Becoming a subscriber to Foodshed’s Fresh 5 program—a weekly distribution of fresh, seasonal produce, grown by the small farmers who make up the Foodshed cooperative—means you’re in for two surprises with every delivery. One is the produce itself: an ever-changing...
Farm to Fork San Diego
In San Diego County, you’ll find that those who farm, fish, brew beer, make wine, and operate our local markets and restaurants, are deeply connected to their communities. They feed people and planet, both in nutrients and in spirit. They dedicate themselves to this hard work despite the thin margins and low wages. When we invest in our local food producers, we invest in us all: our collective health, shared environment, and local economy.
That’s why Farm to Fork San Diego was started. Farm to Fork San Diego is a membership organization that verifies and promotes local businesses—mostly restaurants—that source from San Diego County farms and fishing operations. Farm to Fork also supports farmers and fishermen with marketing their products locally, and educates chefs and local business owners on how their purchasing decisions play a key role in scaling up the local food supply. By committing to purchasing freshly harvested food from our region, these businesses hold a critical piece to establishing a sustainable, equitable food system in our region.
Like many others during the COVID-19 pandemic, we were reminded of how fragile a long, industrialized supply chain can be—and how, in contrast, local growers and fishermen are able to provide for our communities when we support them with our business. The pandemic yielded a spike in demand for locally grown food, and our region’s farmers and fishermen stepped up without hesitation. This was one heartening moment of the pandemic: the sudden increase in public awareness of the health, social, environmental, economic, and flavor benefits of buying local, and new relationships developed between food producers and consumers.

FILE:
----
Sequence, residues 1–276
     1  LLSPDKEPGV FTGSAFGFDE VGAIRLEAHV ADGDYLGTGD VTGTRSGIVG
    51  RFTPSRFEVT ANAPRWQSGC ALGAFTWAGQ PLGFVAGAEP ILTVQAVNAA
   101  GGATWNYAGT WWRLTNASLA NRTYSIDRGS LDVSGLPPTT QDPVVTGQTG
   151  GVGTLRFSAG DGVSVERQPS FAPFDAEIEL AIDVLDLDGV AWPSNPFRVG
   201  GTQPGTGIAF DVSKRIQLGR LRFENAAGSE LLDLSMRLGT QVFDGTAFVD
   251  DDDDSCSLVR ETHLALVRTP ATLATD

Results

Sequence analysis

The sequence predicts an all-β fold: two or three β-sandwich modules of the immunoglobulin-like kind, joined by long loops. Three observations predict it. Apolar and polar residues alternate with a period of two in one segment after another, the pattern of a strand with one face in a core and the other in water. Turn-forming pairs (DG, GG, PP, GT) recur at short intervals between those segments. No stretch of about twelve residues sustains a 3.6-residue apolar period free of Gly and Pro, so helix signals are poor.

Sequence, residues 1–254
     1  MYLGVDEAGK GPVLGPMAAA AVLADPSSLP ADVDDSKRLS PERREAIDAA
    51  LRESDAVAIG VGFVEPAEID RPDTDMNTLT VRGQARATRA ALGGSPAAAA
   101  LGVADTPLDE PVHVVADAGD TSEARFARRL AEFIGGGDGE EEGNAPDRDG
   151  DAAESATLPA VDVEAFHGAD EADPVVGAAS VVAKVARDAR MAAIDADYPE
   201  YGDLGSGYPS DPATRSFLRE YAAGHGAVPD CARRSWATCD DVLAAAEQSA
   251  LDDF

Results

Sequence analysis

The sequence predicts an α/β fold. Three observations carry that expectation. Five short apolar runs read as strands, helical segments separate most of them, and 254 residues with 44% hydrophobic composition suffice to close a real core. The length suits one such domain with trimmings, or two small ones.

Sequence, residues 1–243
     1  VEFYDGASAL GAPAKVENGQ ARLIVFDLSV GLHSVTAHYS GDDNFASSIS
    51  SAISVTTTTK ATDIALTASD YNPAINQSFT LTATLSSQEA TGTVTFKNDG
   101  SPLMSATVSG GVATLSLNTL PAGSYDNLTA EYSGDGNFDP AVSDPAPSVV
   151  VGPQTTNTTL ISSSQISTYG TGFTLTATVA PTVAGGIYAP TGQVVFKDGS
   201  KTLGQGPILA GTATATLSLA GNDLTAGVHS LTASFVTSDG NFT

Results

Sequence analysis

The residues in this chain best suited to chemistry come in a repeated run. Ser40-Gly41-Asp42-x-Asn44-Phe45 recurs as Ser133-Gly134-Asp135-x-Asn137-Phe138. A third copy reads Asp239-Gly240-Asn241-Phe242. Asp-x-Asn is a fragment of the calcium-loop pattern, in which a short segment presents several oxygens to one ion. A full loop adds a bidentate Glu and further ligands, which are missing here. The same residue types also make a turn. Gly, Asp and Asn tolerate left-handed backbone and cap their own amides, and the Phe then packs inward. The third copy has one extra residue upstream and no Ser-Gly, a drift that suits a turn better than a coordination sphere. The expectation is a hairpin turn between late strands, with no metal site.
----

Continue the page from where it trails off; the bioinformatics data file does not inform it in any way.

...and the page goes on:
Sustaining this awareness, making sure these relationships are not short-lived, and drawing in a steady stream of new supporters, is what we—the many of us who work in support of our region’s food system—need to do. Eaters who make changes in their own habits and chefs who commit to purchasing local in their businesses can become powerful advocates for wider and more lasting change. Let’s do all that we can to expand our movement and base of support.
Importantly, as we go about our work, we must ensure that the benefits of consuming local food and engaging in our food system are not held out of reach for anyone, as they historically have been, and in many cases, still are. A shift toward purchasing local food should not simply mean more quality food for some—it means recognizing the interdependence of us all.
This means we must put in the work. If we want to include voices that have not been at the table, alleviate diverse needs, and respect and represent the many cuisines and cultures of our region, we must reach out extensively to many small businesses, organizations, and community groups. This work is worth doing. It is the next step of our local food movement.